Relevant links are included at the end of this article.
What curious mind doesn’t love a great mystery? The undertow on the Internet, much like powerful ocean currents, sucks the curious into many a mystery, but Cicada 3301 has to be among the most intriguing of them all.
A message deemed official emerged in early January on a Twitter account believed to be associated with the mysterious creators of what many call a puzzle. I have ideas about what to call it, but I think Cicada is a whole lot more complicated than the word puzzle connotes.
The 2014 message, dated January 6, was the first since January 8, 2013. The first puzzle reportedly started on January 5, 2012.
What’s in the name? Apparently, it’s based on the insect Cicada. That bug emerges in Florida every year; in other locations, its emergence is periodical with life cycles of 13 or 17 years. The name is Latinate, a loan word from that language for tree cricket.
Rumors abound about the Cicada 3001 mystery. Some bloggers believe it’s an endeavor of a tech company. Others think it has to do with recruitment for spy agencies in various countries. There’s no way to tell for sure unless you solve the mystery as one teen code breaker using the handle Tekk.nologi claimed he helped do in 2013.
Tekk’s story was featured by WNYC, a public radio station in New York:
“According to Tekk, it was a group of anonymous developers looking to recruit ‘highly intelligent individuals’ to build open-source software for the good of the world.”
That in itself sounds a lot like “Google-esque” branding to me, but there’s no way to tell for sure.
I assembled a list of links about Cicada 3301. There are many on the Web, but it’s hard to tell what’s legit and what’s prank. So the links I include in this column are those I felt mostly trustworthy.
I did have some thoughts on the mystery, though. I don’t have the resources to try to solve it myself, but I admit the mystery gets my mind wandering.
For starters, I don’t know if approaching Cicada 3301 as a puzzle is doing it justice. The process seems more like an intellectual journey to me, considering the injection of Enlightenment authors like Ralph Waldo Emerson and the always mind-juggling William Blake.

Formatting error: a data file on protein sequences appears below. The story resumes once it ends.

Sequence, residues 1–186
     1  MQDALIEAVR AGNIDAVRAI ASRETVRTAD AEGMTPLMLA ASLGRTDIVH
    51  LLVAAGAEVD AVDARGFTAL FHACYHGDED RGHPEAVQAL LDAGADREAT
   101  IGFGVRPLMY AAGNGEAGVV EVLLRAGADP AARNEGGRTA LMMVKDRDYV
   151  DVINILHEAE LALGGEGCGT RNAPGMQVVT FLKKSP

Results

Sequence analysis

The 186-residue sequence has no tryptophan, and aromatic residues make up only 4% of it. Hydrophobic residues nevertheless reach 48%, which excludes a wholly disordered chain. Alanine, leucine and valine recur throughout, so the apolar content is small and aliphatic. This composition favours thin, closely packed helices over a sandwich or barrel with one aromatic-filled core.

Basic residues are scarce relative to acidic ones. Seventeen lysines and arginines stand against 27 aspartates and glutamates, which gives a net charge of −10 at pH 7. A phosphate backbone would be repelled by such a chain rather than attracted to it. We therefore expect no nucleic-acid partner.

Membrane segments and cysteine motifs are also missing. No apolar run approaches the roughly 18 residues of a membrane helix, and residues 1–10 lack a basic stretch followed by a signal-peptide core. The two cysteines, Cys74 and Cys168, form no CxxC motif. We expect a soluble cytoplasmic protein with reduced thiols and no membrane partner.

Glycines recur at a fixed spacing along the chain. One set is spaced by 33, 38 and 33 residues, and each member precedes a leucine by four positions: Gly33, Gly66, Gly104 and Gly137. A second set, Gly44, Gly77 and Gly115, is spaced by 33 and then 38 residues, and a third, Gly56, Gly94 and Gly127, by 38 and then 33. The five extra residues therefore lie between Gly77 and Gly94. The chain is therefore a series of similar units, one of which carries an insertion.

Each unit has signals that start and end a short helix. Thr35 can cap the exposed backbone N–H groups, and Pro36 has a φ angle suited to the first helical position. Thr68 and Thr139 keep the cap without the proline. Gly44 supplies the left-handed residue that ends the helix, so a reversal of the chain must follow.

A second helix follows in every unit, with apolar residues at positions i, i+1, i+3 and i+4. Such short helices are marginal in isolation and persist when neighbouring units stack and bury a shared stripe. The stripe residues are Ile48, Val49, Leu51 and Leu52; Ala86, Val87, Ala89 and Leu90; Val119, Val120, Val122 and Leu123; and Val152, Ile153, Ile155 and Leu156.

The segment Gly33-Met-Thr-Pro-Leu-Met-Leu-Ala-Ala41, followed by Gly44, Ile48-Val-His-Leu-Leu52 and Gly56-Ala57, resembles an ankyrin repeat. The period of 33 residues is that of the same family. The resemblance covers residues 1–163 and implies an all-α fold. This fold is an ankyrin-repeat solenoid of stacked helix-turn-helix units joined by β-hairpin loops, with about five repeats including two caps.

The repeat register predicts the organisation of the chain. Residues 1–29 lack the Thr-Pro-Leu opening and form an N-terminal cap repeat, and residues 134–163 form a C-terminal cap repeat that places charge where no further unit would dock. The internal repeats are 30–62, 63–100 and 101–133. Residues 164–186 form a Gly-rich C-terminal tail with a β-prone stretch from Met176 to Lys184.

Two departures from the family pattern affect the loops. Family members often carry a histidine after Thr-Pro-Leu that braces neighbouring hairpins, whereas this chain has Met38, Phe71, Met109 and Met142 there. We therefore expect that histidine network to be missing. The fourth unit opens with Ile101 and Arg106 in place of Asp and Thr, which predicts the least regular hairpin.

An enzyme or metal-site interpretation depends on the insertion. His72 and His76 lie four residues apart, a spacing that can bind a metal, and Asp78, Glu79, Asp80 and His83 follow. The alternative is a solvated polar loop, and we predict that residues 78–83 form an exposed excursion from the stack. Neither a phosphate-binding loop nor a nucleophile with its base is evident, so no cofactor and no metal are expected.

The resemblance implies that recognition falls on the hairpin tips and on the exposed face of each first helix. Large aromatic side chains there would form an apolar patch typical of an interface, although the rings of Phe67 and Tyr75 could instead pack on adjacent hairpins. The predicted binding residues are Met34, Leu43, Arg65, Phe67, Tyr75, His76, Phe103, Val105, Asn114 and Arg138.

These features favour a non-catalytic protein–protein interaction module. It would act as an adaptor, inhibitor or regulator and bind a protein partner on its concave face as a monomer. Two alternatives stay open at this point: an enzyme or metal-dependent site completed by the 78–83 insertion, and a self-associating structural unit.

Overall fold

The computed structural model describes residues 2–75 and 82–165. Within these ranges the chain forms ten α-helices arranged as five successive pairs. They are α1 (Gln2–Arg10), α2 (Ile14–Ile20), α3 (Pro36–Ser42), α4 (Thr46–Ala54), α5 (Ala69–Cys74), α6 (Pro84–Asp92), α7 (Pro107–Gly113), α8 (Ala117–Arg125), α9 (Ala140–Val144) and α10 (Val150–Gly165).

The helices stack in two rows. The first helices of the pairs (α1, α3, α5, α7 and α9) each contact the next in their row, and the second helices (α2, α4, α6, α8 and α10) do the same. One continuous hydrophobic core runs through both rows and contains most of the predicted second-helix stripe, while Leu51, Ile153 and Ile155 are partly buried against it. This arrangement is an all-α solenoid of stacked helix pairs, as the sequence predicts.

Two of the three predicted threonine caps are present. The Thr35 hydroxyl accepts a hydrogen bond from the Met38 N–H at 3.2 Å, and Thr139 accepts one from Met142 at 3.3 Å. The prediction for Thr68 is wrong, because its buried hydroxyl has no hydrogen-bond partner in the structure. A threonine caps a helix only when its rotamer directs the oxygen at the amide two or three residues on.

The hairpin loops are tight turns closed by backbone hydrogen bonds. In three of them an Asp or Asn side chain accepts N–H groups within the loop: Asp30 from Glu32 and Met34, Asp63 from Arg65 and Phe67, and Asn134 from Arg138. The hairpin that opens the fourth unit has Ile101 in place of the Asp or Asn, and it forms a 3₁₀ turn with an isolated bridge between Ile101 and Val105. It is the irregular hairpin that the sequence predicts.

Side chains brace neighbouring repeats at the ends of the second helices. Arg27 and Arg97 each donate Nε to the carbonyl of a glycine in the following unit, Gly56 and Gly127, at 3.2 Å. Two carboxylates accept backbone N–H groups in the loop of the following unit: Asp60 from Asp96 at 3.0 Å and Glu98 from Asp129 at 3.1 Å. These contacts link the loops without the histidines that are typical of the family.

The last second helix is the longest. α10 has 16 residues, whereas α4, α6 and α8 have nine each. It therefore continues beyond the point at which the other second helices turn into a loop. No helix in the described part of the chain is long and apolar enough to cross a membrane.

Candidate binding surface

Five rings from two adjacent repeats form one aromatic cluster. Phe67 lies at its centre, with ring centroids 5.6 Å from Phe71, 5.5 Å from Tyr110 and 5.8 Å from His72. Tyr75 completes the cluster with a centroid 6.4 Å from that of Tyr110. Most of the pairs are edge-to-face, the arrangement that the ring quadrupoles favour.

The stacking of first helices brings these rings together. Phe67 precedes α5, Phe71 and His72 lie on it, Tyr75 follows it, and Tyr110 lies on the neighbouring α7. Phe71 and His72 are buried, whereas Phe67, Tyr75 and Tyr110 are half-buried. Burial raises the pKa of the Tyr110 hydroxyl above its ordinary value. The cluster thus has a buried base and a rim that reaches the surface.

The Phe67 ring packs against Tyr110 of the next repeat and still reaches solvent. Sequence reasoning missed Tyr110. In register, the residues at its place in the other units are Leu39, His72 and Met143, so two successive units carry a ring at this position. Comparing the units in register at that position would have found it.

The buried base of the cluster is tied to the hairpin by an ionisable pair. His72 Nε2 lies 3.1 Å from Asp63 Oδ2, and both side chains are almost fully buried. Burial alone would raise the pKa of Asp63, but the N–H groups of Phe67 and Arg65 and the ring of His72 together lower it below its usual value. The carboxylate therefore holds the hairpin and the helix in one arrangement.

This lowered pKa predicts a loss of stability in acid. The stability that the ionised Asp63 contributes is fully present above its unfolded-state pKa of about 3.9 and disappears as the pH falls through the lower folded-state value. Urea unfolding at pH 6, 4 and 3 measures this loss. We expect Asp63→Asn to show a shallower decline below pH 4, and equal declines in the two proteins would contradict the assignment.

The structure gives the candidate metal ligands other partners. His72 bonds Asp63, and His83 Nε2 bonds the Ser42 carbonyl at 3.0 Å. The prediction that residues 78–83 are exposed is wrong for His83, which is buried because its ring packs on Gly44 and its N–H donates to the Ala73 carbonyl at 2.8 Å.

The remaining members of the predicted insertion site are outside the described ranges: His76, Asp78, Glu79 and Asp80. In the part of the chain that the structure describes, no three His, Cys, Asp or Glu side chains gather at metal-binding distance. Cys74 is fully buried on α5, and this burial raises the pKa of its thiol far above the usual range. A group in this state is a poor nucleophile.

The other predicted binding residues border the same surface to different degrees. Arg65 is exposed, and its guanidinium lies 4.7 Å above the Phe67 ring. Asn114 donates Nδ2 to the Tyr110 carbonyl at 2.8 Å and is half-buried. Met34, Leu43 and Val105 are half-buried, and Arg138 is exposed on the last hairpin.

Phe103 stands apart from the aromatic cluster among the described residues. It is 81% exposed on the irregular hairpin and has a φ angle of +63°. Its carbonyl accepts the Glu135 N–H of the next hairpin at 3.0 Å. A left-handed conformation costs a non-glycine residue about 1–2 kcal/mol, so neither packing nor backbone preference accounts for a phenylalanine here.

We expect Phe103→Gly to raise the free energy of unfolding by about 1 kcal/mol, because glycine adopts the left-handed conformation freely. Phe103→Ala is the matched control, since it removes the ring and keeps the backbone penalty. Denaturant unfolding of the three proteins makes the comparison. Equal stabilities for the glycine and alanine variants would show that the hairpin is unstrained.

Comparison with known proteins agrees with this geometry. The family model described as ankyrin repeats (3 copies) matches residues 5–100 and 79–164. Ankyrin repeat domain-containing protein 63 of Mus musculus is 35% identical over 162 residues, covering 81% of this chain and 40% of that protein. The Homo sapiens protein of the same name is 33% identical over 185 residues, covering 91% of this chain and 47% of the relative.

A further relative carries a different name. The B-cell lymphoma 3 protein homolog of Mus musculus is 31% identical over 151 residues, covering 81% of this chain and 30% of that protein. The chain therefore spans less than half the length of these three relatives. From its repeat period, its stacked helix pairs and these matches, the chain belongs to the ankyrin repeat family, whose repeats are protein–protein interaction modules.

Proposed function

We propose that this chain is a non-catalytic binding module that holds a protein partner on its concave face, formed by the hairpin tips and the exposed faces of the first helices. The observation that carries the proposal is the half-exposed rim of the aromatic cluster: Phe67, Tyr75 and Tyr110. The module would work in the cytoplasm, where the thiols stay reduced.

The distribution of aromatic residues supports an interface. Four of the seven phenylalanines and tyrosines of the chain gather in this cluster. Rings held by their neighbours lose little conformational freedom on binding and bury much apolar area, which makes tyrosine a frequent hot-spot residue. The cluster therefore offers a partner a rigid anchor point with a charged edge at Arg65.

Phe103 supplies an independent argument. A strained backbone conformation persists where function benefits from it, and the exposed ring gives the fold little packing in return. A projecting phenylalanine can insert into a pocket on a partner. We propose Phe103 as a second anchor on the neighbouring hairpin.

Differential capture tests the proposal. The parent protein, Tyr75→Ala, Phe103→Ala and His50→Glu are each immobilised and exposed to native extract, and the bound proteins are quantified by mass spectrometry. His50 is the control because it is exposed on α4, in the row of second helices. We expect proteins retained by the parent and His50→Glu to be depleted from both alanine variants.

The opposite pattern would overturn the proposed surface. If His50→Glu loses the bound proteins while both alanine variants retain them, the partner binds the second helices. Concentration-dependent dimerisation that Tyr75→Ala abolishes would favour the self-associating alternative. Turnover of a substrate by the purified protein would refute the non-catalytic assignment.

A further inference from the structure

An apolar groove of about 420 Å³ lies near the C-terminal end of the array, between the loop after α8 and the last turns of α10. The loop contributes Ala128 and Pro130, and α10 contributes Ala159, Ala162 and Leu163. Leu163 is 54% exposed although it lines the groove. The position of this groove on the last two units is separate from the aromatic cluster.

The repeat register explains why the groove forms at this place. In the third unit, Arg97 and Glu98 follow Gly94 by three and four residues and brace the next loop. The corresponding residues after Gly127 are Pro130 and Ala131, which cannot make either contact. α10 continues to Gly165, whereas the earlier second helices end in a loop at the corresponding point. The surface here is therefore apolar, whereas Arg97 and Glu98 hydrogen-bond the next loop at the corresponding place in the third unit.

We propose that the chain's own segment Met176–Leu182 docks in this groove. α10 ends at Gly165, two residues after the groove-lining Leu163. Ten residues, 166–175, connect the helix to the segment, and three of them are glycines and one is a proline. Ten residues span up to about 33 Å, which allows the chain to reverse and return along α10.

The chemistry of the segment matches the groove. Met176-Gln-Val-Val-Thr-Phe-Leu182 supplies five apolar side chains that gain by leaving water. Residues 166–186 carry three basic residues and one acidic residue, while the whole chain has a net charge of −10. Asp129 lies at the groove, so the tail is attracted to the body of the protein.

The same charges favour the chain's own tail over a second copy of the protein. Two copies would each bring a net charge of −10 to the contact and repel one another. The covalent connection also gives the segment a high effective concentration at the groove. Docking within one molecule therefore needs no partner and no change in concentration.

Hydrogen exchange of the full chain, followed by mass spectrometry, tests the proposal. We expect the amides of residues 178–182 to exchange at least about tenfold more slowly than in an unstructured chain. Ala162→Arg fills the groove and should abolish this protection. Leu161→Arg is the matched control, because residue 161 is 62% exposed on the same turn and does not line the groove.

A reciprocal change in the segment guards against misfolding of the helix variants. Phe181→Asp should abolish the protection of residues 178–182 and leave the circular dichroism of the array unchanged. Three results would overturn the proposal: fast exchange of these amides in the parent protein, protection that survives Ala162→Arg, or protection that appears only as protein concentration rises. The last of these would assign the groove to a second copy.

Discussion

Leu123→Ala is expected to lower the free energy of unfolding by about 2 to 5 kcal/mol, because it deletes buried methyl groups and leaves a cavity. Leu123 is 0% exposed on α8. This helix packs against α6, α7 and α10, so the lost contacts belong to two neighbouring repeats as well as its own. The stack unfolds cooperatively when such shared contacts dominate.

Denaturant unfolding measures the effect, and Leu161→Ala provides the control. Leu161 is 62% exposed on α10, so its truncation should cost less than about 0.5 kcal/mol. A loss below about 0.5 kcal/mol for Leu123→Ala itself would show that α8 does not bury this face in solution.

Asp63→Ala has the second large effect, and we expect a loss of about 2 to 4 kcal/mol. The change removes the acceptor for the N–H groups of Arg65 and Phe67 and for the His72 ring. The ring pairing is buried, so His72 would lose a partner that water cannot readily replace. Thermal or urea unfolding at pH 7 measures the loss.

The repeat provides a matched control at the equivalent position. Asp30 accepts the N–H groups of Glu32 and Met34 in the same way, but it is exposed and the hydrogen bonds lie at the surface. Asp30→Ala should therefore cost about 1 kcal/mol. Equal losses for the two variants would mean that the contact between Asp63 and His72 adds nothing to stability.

I searched using only the numbers 3301 and discovered a page of technical information under the subheader Gene I.D. 3301. The National Institute of Health updated that page January 7, 2014, one day after the 2014 Cicada message was posted at Twitter. I also located a page at News Genius titled Sonic Hedgehog Gene with line after line of alpha-numeric characters. That could mean absolutely nothing at all.
I searched news sites for information about major events for March 3, 2001 (3301). Nothing shook the globe that day as best I can tell, so the number may have nothing to do with a date at all.
Prime numbers, however, are said to be part of the process for solving Cicada, and 3301 is a prime number as are 13 and 17, the number of years some periodical Cicadas emerge.
Various clues of past Cicada challenges related to more than prime numbers. Some were posted physically in cities around the world, including Miami in my home state of Florida. Along the travel path, users were directed to the Darknet, the labyrinthine world below the Internet where people who seek anonymity can do whatever business they choose to without worrying so much about Big Bro. Some clues have referenced classical works (Western), Mayan numerals, and paintings.
I think expert knowledge on knowing how and what to search for is an essential skill because few people would have automatic recall of all the different references necessary to proceed to the next clue station. Cicada sleuths often work in groups for that reason.
Whatever the case, I love a great mystery. Cicada 3301 seems to me a great premise for a film. Maybe Hollywood will crank one out if the 2014 mystery draws enough attention and the Internet undertow sucks in enough curious people.
By the way, the clues are reportedly verified by a privacy guard key.
Relevant links about Cicada 3301
Cicada 3301 at Wikipedia
Basics about the mystery; most sources are credible.
WNYC story about the teen who claimed he helped solve a previous Cicada challenge.
Article from Canada-based The Star (Toronto) with some technical information.
Article at Live Science that includes details about various data sectors used in past challenges.
Basic roundup news article at The Washington Times with interesting info about one Cicada sleuth.
Article about the Cicada insect at the University of Florida.
National Center for Biotechnology Information (U.S. Government) about Gene I.D. 3301.
Article at News Genius; anecdotally interesting alpha-numeric string about Gene 3301. Result of coincidental search.
Overview of the Darknet at PC World.
Article I wrote for Day on the Day about Cicada 3301 (2014).
Handle where clues have been posted: @1231507051321
Hashtag for messages from Cicada enthusiasts: #cicada
Site with original message used in graphic for this article at Day on the Day. Follow the link to Reddit for comments from Cicada sleuths about clues.
(Filed by Kay B. Day/Jan. 11, 2014)